AmaLotus Cruise Review by mgelber: Vietnam/Cambodia-
Member Since 2012
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. This ship is one year old. It has been having some growing pains in both the food and the experiences, but it is certainly an amazing experience now. The changes in the staff and food are 6 Star all the way. The rooms are very spacious for a river cruise. There are three floors NO elevators. There is a large flat screen tv in the room but there is NO reception at all. So there are no television shows of any kind. The is a DVD library with supposedly over 100 titles (multiple languages), but if your clients need noise, or like to watch something before they go to sleep, they may want to bring their own DVDs. Also, there is a clock in the room, it is not digital, so if your clients like to know the time in the middle of the night they should big their own clock. The beds are queen-king size, and. Very comfortable. There are different pillow types. The first night in the hotel manager explained how to get hot water, let the sink and showe run for 3-4 minutes, and then it was hot. It More
worked and no problems. The air condiitoning works very well, no problems there. There are two chairs and a desk --ample closet space. When you speak to reservations they tell you there Is no Internet service in the ship. That is not true. They have three computers and in the lounge there is Internet access but the reception is so sporadic and if more than ten people are on everything shuts down. When you are going dowthe river there are long stretches with no Internet service. Forewarn your clients.
The food was excellent. As of one month ago they have brought on a new hotel manager , new dining room manager and most importantly a new head chef. The 2nd chef is Asian and does all of the local cuisine. The changes and improvements he has made have been amazing. He was very open to suggestions, and was immediate on implementing changes throughout the week. Every morning was buffet, champagne always. there is an egg station, and if you want poached eggs, or something that is not out. Just ask very willing to accommodate. Every morning they had a traditional Eastern options, the best being soup, there was a broth, different noodles and different proteins, and vegetables. By the end if the week, the line to get soup was longer than the line to get eggs.:) The spices and peppers were all in little dishes so you could spice it as you wish. Always fish fruit, salmon and and homemade breads and pastries. Lunch was a combinations of buffet/action station and menu ordering. , you told the waiter your entree and soup. The soup was always one cold and one hot (sometimes creamed and sometimes broth) There was always a display table when you came in, and it showed the entrees that were available. You could modify any of the entrees as you wish. The buffet at lunch was different salads some regional, some traditional. Always something different to taste. Dinner was strictly ala carte. There was always an option at lunch for pasta, hamburger or chicken breast, at dinner a steak, salmon, or chicken breast. There was a vegetarian option always.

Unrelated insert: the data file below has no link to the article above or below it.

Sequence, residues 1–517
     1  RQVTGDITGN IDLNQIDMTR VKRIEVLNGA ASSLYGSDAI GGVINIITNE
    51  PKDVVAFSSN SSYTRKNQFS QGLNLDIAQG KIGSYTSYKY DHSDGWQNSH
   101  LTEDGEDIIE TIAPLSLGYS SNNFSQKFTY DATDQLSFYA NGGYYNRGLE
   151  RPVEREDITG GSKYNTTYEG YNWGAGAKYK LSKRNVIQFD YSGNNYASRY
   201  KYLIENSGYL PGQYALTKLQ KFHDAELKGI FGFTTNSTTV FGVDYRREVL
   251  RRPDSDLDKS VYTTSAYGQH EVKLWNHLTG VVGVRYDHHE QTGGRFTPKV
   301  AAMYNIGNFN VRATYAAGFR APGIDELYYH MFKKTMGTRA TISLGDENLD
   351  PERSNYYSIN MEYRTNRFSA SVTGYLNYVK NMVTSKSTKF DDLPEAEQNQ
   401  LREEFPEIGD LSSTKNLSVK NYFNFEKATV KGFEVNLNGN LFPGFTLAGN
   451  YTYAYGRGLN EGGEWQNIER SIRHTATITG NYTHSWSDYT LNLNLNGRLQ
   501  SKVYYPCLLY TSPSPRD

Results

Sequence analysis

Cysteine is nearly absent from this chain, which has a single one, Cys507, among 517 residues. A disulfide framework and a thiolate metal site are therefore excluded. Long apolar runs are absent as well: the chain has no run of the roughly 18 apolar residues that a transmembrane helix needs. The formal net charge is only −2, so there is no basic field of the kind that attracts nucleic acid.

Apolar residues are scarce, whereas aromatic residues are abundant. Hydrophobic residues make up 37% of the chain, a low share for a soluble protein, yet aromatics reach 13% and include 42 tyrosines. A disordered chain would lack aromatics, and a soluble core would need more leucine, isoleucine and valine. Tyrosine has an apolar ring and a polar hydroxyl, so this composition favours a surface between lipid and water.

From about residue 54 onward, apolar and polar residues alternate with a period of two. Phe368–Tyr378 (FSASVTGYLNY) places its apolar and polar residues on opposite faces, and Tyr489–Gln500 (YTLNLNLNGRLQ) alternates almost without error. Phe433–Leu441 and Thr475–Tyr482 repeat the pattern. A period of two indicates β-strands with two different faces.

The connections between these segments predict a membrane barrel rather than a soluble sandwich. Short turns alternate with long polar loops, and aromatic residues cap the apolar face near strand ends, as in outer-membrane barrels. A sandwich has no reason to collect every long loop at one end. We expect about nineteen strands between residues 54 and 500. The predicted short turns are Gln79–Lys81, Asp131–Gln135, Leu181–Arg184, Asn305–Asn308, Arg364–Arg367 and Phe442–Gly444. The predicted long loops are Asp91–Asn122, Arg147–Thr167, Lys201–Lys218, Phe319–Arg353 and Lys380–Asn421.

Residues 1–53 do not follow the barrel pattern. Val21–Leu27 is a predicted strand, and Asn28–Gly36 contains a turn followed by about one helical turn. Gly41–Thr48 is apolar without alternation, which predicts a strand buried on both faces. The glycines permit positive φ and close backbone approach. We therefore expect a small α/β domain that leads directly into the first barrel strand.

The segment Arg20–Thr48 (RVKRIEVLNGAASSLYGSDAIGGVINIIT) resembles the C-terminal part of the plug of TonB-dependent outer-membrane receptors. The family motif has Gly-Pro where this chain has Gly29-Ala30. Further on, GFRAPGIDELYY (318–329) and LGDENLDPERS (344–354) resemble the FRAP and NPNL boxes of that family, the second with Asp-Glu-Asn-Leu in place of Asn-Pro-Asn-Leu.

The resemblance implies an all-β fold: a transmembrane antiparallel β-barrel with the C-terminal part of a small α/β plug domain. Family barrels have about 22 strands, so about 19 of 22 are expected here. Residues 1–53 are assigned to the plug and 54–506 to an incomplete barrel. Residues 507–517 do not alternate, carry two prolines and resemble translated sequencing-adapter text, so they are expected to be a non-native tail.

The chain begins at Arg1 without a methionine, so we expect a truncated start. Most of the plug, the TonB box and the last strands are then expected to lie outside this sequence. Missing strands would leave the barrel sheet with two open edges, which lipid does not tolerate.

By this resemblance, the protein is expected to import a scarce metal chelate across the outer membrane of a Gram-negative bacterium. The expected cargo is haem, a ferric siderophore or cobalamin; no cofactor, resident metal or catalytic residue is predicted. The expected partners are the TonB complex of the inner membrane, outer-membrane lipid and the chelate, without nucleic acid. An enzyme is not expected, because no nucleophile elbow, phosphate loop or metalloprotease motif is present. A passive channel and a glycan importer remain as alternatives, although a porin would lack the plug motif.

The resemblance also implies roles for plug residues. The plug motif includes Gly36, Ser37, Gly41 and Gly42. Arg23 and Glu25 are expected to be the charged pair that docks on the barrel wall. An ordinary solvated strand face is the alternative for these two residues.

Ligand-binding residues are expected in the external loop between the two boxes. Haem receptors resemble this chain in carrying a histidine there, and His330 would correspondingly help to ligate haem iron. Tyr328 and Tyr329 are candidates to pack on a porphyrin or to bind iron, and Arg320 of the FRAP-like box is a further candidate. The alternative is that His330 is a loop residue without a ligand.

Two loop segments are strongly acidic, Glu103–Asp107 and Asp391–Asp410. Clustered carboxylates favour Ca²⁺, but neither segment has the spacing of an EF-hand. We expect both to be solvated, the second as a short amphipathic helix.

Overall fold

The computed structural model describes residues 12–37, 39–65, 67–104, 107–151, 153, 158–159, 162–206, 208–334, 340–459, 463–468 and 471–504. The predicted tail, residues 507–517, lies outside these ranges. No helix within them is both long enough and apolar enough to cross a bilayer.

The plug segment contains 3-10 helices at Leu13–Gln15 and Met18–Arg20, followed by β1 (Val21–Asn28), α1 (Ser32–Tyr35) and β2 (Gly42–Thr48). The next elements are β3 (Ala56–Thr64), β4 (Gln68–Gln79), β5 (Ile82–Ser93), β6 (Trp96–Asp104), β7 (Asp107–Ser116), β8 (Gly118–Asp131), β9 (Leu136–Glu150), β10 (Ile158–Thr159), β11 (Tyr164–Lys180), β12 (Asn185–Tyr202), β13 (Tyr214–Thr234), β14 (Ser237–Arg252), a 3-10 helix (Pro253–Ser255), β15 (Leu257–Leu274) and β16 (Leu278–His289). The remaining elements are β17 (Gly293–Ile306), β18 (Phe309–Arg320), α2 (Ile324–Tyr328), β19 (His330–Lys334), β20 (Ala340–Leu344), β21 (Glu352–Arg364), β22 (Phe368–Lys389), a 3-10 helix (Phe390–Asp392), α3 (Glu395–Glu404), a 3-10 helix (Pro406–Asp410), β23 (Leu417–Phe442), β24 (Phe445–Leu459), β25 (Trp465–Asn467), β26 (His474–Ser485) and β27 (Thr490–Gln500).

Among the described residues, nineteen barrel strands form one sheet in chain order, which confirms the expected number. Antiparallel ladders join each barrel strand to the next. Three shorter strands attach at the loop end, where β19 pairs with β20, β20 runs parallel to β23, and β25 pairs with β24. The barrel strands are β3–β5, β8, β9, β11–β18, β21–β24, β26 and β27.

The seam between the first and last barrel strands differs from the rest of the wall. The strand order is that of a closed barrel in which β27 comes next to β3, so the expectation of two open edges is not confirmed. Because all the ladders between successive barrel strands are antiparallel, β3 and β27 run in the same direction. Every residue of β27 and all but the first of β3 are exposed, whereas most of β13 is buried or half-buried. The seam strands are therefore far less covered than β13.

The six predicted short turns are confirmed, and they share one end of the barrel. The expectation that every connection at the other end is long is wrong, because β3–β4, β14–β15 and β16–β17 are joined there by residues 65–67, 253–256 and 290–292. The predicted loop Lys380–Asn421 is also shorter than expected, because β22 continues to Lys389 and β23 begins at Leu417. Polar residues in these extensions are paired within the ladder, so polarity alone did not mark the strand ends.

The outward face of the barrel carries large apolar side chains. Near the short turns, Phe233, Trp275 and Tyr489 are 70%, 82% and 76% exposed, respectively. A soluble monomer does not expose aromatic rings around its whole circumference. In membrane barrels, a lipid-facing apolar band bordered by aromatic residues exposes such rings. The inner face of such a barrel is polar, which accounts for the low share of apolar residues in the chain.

The excursions. Before you left, the tour director always made sure to remind everyone to take the umbrellas and raincoats and bottles of water always provided. On a European river cruise the choice of options is a title more varied and there are different styles - active, moderate, or slow movers. Not so in Asia . The excursions here are all the same, and you are divided into 4 groups. No difference they are all dng the same thing, it is just more manageable groups. All of the excursions are physically demanding. Mostly tendering to small boats, other than Phom Pen, there are no docks, so when we arrived at a village, to walk, we exited the small boat to a dirt path, or through the weeds and grass along shore. There were also very nice buses taking us for tour off the river to different monasteries. We were there right at the beginning of the rainy season and purpose of this cruise is seeing life along the river. It is very poor, very basic, we saw the markets, the homes, the "factories". A lot of walking on uneven terrain. We also saw floating villages, floating markets, again, you had to be able to tender. The was one guest inboard, who had injured her foot the 2nd day- even before boarding the ship. She was not able to do any weight-bearing on her ankle, and I cannot believe how unbelievable the ship was, She had both crutches and a wheelchair, and whenever she had to go from one level to the next. There were 2 sailors assigned to her that basket carried here up and down, she never missed an excursion, there was a guide and sailor who went with, helped her on and off, pushed the wheel chair all through Cambodia and Vietnam. They and the ship were incredible accommodating to her needs, that being said I would seriously not recommend this to anyone who has physical limitations.
The tour guides changed from Cambodia to Vietnam and they were all wonderful. They all spoke English , but you needed concentration to follow the stories and history. They tried so hard to help you understand their culture and history, so after a week, your listening got pretty good.
On a Europe river cruise, where you are in a different city, there is regional entertainment every night. This is not possible in Asia , the only time we had local entertainment was in Phonm penn. there was a children's dance troupe doing traditional cambodian dances.
In summary, this was an amazing experience and would recommend it to anyone who is interested in seeing Vietnam and Cambodia and soft adventure. The pre and post trips offered are a wonderful way to see the interior of the country. River cruising is wonderful, so glad I had the opportunity to go! Less
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